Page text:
Koontz, T. L.,Petroff, A.,West, G. B.,Brown, J. H.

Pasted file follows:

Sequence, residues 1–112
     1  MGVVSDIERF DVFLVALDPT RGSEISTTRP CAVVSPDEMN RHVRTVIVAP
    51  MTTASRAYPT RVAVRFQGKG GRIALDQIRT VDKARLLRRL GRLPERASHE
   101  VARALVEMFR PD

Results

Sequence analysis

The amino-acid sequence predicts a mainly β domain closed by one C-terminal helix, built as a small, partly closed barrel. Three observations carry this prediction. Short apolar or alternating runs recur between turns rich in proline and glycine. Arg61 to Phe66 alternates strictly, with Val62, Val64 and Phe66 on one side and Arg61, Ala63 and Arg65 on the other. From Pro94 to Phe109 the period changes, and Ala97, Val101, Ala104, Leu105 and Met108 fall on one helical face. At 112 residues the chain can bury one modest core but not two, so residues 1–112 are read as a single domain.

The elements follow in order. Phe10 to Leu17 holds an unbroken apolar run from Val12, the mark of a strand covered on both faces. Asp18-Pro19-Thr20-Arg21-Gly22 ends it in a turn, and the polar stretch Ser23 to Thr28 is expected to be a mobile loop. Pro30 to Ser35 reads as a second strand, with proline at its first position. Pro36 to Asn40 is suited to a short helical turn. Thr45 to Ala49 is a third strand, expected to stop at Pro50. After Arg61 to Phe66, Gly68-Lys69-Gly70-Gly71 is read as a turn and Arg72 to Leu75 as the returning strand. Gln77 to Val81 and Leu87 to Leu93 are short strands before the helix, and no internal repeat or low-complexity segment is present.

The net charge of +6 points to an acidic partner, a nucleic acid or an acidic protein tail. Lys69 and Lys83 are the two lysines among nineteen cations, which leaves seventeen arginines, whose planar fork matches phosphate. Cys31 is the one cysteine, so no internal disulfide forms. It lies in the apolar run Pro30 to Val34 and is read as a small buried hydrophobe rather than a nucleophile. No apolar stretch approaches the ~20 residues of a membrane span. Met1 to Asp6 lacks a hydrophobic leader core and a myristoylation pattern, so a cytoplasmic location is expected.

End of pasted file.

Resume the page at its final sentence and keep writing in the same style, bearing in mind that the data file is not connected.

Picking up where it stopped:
Many characteristics of plants and animals scale with body size as described by allometric equations of the form Y = βM{alpha}, where Y is an attribute of the organism, β is a coefficient that varies with attribute, M is a measure of organism size, and {alpha} is another constant, the scaling exponent. In current models, the frequently observed quarter-power scaling exponents are hypothesized to be due to fractal-like structures. However, not all plants or animals conform to the assumptions of these models. Therefore, they might be expected to have different scaling relations. We studied one such plant, Chamaesyce setiloba, a prostrate annual herb that grows to functionally fill a two-dimensional space. Number of leaves scaled slightly less than isometrically with total aboveground plant mass ({alpha} {approx} 0.9) and substantially less than isometrically with dry total stem mass ({alpha} = 0.82), showing reduced allocation to leaf as opposed to stem tissue with increasing plant size. Additionally, scalings of the lengths and radii of parent and daughter branches differed from those predicted for three-dimensional trees and shrubs. Unlike plants with typical three-dimensional architectures, C. setiloba has distinctive scaling relations associated with its particular prostrate herbaceous growth form.